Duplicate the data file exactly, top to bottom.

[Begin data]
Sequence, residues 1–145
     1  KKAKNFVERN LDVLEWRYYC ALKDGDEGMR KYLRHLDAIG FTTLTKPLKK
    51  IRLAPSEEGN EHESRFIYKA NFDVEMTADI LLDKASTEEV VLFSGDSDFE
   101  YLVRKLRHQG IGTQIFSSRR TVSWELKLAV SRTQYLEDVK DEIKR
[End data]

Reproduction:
Sequence, residues 1–145
     1  KKAKNFVERN LDVLEWRYYC ALKDGDEGMR KYLRHLDAIG FTTLTKPLKK
    51  IRLAPSEEGN EHESRFIYKA NFDVEMTADI LLDKASTEEV VLFSGDSDFE
   101  YLVRKLRHQG IGTQIFSSRR TVSWELKLAV SRTQYLEDVK DEIKR